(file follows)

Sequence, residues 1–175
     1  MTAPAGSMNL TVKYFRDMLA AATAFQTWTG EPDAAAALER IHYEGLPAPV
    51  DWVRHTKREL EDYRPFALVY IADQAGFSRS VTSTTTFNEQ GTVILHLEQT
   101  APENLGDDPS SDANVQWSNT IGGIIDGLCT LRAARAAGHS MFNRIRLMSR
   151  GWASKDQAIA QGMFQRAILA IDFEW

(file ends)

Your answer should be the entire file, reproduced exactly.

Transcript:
Sequence, residues 1–175
     1  MTAPAGSMNL TVKYFRDMLA AATAFQTWTG EPDAAAALER IHYEGLPAPV
    51  DWVRHTKREL EDYRPFALVY IADQAGFSRS VTSTTTFNEQ GTVILHLEQT
   101  APENLGDDPS SDANVQWSNT IGGIIDGLCT LRAARAAGHS MFNRIRLMSR
   151  GWASKDQAIA QGMFQRAILA IDFEW